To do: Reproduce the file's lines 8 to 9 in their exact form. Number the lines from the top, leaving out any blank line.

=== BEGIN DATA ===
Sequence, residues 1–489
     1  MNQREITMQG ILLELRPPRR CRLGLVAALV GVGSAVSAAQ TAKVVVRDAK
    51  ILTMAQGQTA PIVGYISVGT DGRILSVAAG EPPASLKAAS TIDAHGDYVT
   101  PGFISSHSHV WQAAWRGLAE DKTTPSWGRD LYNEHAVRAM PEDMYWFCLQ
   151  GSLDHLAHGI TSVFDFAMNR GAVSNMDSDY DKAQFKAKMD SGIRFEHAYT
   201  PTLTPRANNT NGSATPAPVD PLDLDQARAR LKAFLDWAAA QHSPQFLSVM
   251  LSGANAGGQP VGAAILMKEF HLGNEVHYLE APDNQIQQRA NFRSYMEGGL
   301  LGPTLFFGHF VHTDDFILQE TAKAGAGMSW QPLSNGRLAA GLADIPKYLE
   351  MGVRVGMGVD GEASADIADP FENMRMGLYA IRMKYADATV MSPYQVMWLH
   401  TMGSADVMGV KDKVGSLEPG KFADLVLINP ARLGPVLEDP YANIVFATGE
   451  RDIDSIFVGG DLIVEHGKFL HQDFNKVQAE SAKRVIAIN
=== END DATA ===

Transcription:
   301  LGPTLFFGHF VHTDDFILQE TAKAGAGMSW QPLSNGRLAA GLADIPKYLE
   351  MGVRVGMGVD GEASADIADP FENMRMGLYA IRMKYADATV MSPYQVMWLH